“Often,” says Bertrand Bernager, “street photography is like a game between you and the subject. Sometimes you’ll just walk the city without goals, searching for something interesting. Other times it’s about finding a great spot with beautiful light and waiting patiently for a person to enter it, like an actor crossing a stage. Either way these new lenses are perfect for it.”
Bertrand, who makes street images in his native Paris and around the world, is talking about three new Sony lenses in the shape of the FE 24mm f/2.8 G, the FE 40mm f/2.5 G and the FE 50mm f/2.5 G. So, what did they bring to his work?
“I normally use a mix of primes and zooms for my street shooting,” he explains, “and that includes the FE 16-35mm f/2.8 GM, the FE 24mm f/1.4 GM and the FE 55mm f/1.8 ZA, so the new lenses fitted my most used focal lengths nicely. They’re incredibly compact, but they’ve still got everything that the top G lenses have, like the double linear autofocus motors as well as manual aperture rings, which is really important to me, not only because I like to shoot manually, but on a prime lens it just feels right!”
Bertrand focuses on architecture as well as people in his street photography, combining the two to amazing effect, as his shots with the three new lenses show. His work often features small human figures dwarfed by buildings and manmade spaces, or picked out by sunlight in the deep city canyons. “It’s one of my favourite ways to depict our cities and how people interact with them,” he explains, “and having a set of lightweight, high quality primes makes it easy for me to do.”
“With these new lenses,” he continues, “I’ve been playing a lot with the heavy contrast between sun and shadow, like a dark road and with just a single patch of light within it. Of course, there have been fewer people on the streets due to the pandemic, but combined with the light and shade, this makes the spaces feel emptier and the people more iconic, caught within the city’s geometry.”
Using the new 24mm, 40mm and 50mm to capture these spaces, he’s found the 40mm gives an exciting new view. “It’s the first time Sony has made a 40mm,” he says, “and it’s a nice balance between the other two lenses. It’s great for street, as it’s so close to a perfect standard lens on the full frame Alpha cameras. And with aspherical and extra low dispersion elements all of the new lenses have incredible corner to corner sharpness, too.”
Moving around the city so much and generally shooting handheld, weight is a big deal for Bertrand and he’s found freedom from it in the new lenses.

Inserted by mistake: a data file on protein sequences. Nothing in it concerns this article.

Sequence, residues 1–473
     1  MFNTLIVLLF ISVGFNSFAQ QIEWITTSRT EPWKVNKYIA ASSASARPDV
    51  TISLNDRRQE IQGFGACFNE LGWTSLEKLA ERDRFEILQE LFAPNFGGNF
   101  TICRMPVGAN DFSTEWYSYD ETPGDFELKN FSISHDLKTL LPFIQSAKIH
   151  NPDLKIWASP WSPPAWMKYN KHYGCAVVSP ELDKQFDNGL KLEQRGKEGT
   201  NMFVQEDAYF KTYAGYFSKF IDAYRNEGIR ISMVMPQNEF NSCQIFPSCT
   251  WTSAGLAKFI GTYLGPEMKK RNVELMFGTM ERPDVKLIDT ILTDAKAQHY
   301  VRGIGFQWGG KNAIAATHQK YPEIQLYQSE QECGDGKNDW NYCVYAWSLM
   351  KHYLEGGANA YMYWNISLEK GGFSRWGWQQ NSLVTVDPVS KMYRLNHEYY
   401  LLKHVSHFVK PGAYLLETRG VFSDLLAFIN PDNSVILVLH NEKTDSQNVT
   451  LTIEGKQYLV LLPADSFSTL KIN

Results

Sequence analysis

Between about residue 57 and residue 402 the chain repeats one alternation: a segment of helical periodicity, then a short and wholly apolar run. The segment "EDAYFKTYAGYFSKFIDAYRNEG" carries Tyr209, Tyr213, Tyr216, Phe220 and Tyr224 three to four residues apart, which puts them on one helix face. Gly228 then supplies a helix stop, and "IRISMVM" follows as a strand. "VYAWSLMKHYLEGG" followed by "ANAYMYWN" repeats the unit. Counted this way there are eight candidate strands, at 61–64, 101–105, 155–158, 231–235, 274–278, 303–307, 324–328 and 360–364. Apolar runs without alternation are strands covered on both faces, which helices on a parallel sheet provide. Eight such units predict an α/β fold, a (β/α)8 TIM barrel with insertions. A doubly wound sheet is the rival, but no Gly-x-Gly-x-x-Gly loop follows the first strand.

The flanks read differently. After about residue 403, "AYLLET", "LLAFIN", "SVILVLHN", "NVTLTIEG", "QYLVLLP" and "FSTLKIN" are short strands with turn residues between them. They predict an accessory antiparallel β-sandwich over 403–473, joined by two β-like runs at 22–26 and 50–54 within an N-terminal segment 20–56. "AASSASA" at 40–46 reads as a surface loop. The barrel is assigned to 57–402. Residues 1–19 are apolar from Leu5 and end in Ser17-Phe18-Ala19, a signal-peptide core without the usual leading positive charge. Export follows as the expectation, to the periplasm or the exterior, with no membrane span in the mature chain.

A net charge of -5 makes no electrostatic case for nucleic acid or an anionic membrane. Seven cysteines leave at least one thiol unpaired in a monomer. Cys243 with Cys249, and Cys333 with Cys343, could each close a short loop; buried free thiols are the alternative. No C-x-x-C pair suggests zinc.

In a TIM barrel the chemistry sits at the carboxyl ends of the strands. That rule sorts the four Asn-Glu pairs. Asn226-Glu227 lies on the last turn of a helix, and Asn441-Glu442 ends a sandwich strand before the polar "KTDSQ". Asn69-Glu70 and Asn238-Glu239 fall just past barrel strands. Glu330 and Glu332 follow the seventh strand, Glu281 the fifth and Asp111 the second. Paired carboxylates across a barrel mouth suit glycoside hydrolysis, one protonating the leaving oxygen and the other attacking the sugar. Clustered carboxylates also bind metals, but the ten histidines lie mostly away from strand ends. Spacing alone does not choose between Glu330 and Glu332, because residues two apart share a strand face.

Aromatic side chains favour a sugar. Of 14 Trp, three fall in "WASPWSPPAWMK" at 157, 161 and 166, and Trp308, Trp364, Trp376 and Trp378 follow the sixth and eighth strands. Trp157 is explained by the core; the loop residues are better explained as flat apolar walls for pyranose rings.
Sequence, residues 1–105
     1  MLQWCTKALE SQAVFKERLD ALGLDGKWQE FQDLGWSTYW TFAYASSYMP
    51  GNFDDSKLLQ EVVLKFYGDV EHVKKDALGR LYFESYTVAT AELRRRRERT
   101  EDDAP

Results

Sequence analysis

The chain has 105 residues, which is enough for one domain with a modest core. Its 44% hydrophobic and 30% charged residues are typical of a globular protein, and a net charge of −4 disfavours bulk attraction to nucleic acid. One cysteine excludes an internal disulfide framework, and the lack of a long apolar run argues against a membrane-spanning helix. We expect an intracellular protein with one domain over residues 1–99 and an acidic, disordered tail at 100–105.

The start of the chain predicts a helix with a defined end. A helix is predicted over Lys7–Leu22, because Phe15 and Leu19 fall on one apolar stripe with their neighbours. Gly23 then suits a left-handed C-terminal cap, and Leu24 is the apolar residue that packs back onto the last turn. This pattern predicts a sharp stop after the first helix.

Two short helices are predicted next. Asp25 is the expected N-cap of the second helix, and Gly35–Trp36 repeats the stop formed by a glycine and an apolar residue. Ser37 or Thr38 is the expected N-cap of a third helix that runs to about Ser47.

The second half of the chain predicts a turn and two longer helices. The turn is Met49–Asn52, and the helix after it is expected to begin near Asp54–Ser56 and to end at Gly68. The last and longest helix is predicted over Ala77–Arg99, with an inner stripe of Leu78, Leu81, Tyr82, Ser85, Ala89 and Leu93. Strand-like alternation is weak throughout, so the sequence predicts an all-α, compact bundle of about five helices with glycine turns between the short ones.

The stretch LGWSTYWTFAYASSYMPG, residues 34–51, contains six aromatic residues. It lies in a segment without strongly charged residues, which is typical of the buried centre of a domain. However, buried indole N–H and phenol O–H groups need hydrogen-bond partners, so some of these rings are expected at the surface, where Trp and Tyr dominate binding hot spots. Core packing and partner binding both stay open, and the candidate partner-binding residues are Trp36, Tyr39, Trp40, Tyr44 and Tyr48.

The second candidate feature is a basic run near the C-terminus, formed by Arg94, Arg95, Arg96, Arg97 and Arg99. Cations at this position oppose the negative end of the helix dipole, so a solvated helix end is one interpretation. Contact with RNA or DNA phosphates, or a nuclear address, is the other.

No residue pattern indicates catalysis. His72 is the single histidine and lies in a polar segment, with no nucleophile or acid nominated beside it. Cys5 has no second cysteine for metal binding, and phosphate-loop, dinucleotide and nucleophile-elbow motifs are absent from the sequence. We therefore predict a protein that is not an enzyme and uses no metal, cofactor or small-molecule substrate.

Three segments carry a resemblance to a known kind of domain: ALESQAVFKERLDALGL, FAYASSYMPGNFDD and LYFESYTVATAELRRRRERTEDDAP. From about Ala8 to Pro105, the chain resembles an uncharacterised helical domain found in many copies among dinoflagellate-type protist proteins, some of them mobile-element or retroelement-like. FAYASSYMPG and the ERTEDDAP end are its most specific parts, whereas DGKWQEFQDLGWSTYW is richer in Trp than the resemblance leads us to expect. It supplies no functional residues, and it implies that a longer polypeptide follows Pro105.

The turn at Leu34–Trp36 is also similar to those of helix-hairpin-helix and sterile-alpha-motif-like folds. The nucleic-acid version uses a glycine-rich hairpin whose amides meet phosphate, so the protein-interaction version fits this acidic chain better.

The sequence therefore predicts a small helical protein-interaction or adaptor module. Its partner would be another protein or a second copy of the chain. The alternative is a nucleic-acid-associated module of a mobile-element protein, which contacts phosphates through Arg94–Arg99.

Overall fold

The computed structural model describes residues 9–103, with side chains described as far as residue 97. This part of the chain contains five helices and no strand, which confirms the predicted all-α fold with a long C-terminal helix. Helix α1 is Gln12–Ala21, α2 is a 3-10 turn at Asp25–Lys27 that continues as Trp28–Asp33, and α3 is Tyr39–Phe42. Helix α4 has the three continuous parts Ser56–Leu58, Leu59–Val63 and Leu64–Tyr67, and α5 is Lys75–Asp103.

All the lenses have exactly the same lightweight body design,” he explains, “they’re the same size, and they’re made of the same high-quality metal, with this lovely vintage aesthetic, so from far away, it almost looks like a film camera. They even have the same filter size of 49mm filter, so you don’t have to carry different filters. It’s definitely more comfortable to shoot all day with this kind of glass.”
“And, of course, there’s the size,” he continues, “because smaller lenses mean you carry a smaller bag, and you have a smaller looking camera in your hands. When you’re shooting street photography, you have to be like a ninja, discrete or almost invisible, so you can just observe and record and not have people’s behaviour influenced by you. You want to be quiet, too, so the linear motors in these lenses really make a difference, as well as the aperture ring which can be de-clicked if you need it. That’s mainly for video, but it helps me with street portraits, too.”
Finally, and maybe most importantly, these new Sony prime lenses have helped put Bertrand back in touch with the city. “For such a vibrant city, Paris has been like a ghost town, and though I was initially put off by documenting the changes, I realised that street photography will be an important historical document of these times, too. It was important that I stayed true to myself as a photographer, being curious and creative, and playing my usual game on the streets, and these lenses really inspired me to do that.”
"Through photography I try to track the light, sublimate the movement, capture the moment"